Ground Truth


Sorry for the extra post this week, but I had to get this one out there. It’s a letter to the editor of the Chicago Tribune from the Joint Task Force Commander here in GTMO. It was written in response to the question “What should we do about Guantanamo?”

It’s a very good outline of our operations here in GTMO. And it’s all true, even the unpleasant “cocktails” he describes.

My time in GTMO is drawing to a close (only 9 more days!). I’ve been down here long enough and seen enough that I might be able to answer some of the questions you may have. Fire away.


11 Responses to “Ground Truth”

  1. Michael Lasley Says:

    More than one post a week? Makes me feel silly for my one post every two months. Thanks for the article, Joe. The writer (sorry, I’ve already forgotten his name and rank) seems very thoughtful, and I do think it’s important that we all know that independent review teams like the ICRC have access to the facilities. I really don’t have anything but the most basic of questions. Do detainees there have access to lawyers? And what is the plan for trials for these men? Maybe those aren’t relevant questions, since my sense of the law comes from Law and Order where everything is neat and tidy and is cleared up in an hour. Hope you have a safe trip home next week.

  2. Al Sturgeon Says:

    My thanks, too, Joe.

    My simple question is unloaded: What was your job while you’ve been there? I’m just interested to know as a friend – you’ve been in a rather unique place, and I’d just be interested to hear of your day-to-day experiences.

    Now to the letter to the editor: It struck me as extremely well-written as well as exactly what I would expect him to write. I’m not saying it isn’t true, but anything less than his description I would have found surprising. That we are running a perfect detention camp, though a bit difficult to believe, is what I would expect to hear.

    It’s funny, but the stereotypical fan of the “kick butt and take names” style of justice (which ironically seems to be a significant part of the 1/3 that still approve of the President) will either (a) hate what the letter says – libraries? soccer? 12 hours of recreation?, or (b) wink and say, “Heh, we know what REALLY goes on down there!”

    I stand and applaud humane treatment of detainees, but I really feel the need to say one profound thing, and it is, “Like Mikey often says, I don’t think I have a point.”

  3. Joe Longhorn Says:

    The detainees have access to lawyers for the purposes of filing a writ of habeas corpus (challenge of the reasons for detention) and if they are facing trial by military commission.

    Most of the detainees here are not ever going to face trial before a military commission because they are simply unlawful enemy combatants. Their only crime is choosing the wrong side to fight for. They were captured on battlefields on which the U.S. is still engaged. The purpose of GTMO is to keep these enemy combatants from returning to the fight, not to punish them. They are very much like prisoners of war, but do not meet Geneva Convention requirements for that designation.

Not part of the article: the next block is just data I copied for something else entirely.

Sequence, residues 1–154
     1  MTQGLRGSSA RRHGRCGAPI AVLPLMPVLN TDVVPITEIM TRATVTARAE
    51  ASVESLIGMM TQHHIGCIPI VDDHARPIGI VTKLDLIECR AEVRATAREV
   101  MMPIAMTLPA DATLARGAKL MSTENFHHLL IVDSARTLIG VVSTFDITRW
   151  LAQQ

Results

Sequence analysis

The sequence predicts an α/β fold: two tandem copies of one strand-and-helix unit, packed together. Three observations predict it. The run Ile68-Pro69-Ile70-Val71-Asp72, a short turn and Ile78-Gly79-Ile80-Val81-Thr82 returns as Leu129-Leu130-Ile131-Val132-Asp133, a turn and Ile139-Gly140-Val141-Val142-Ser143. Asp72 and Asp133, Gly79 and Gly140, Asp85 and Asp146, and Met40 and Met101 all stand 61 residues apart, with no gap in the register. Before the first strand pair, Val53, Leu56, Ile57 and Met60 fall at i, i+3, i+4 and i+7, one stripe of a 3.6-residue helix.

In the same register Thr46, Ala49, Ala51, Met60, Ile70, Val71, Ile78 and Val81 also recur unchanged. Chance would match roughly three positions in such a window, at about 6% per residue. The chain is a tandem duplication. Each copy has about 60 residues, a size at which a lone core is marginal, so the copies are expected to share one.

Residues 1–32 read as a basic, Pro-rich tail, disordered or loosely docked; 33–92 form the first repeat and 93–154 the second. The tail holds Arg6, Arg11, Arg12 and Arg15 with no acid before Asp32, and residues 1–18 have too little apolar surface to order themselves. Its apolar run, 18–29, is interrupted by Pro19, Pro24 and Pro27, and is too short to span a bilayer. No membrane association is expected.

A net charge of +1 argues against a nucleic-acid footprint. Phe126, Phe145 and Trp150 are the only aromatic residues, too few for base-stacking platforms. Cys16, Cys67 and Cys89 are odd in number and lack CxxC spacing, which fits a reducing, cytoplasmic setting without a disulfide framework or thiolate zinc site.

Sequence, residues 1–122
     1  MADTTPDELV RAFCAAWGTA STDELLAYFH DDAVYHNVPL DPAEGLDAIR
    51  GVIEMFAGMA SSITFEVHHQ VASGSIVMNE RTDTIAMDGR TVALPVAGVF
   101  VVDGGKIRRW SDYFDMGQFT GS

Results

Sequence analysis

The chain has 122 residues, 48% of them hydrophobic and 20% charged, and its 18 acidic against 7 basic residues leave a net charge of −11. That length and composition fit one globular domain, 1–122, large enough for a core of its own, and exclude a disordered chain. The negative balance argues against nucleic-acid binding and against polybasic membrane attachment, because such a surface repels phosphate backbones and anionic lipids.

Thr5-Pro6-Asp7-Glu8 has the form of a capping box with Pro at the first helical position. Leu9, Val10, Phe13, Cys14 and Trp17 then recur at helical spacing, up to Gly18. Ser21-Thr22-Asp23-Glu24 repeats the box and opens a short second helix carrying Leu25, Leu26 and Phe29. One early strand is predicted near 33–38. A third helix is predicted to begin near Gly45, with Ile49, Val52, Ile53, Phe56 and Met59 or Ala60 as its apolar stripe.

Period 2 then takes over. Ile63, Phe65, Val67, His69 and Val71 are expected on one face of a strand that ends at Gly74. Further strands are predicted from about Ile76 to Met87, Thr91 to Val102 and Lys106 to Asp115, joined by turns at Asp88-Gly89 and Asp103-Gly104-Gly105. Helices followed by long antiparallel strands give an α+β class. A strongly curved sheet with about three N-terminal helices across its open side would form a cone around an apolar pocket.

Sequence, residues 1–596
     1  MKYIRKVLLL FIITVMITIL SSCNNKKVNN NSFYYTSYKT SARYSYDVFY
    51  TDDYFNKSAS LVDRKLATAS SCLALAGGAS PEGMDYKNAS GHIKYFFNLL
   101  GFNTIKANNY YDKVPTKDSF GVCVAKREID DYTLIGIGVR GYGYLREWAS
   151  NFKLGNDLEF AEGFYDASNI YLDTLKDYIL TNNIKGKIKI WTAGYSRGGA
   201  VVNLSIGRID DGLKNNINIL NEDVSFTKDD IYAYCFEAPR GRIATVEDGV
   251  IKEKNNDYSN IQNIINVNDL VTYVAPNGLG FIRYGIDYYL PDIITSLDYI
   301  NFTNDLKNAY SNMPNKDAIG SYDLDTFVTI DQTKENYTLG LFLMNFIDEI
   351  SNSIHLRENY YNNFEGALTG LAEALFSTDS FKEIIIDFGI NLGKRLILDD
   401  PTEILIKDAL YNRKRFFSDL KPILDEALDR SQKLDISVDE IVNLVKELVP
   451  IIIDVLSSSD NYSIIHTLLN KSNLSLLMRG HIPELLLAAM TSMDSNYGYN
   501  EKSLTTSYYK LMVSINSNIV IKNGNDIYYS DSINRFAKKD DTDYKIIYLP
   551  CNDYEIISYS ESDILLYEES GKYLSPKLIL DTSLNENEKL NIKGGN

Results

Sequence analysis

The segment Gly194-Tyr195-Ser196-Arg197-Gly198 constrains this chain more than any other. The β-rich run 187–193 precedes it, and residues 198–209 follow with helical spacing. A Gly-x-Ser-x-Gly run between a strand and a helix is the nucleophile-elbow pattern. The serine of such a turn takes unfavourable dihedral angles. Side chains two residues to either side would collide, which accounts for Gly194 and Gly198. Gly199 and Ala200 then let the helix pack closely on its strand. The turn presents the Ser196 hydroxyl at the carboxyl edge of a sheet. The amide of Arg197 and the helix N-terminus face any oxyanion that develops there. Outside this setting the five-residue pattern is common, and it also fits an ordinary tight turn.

I have spent my time down here working as the scheduler for the Office for the Administrative Review of the Detention of Enemy Combatants (OARDEC). Every detainee down here goes through an annual process called an Administrative Review Board (ARB). It’s analagous to a parole board in that all of the information we have on a detainee, both classified and unclassified, is reviewed to determine the level of threat the individual poses and the intelligence value of the individual. The detainee also has the ability to submit statements or documents on their own behalf and to be present for the board proceedings. The board is made up of three military officers. This board can make a recommendation to continue detention, transfer the individual to another country’s custody with conditions, or outright release the individual. The board’s recommendation is then reviewed by the Designated Civilian Official (DCO), currently the Assistant SecDef in Washington, to make the final decision. This process is above and beyond the requirements of international law. I was down here for the end of the first ARB cycle last December, about 50 cases, and by the time I leave will have coordinated another 130 ARBs for cycle two. During the first ARB cycle, about 30% of the detainees were designated for either transfer or release.

    My part in this process has been to coordinate the schedules of all parties involved with actually conducting the boards.

  4. Michael Lasley Says:

    Thanks, Joe. What will happen with all of the detainees when the war ends? Will they simply be released as part of the peace agreement? Or are there detainees who are such threats that there will be some sort of trial for them? Have most of them been active in terrorist activities or are they just on the wrong side of the war?

    Al — come on. Why do you have to remind everyone that I often have no point?

  5. Joe Longhorn Says:

    You ask a very good question Mike. They will likely be re-patriated to their country of origin. The sticky part about that is determining when the war is “over”. Most of these guys were captured directly on the battlefield or retreating from the battlefield, most with kalashnikov in hand. Others were captured in known AQ or Taliban safehouses.

  6. juvenal_urbino Says:

    The sticky part about that is determining when the war is “over”.

    That was going to be my question, Joe. Or the one logically prior to it: what war(s) were these people “unlawful combatants” in? The Iraq war? The Afghanistan war? The “war on terrorism,” whatever that is? (Not trying to be smarmy. I really don’t know what it is, nor have I ever heard any official even try to define it in any way — much less one precise enough to be useful in making legal determinations about the status of prisoners, etc.)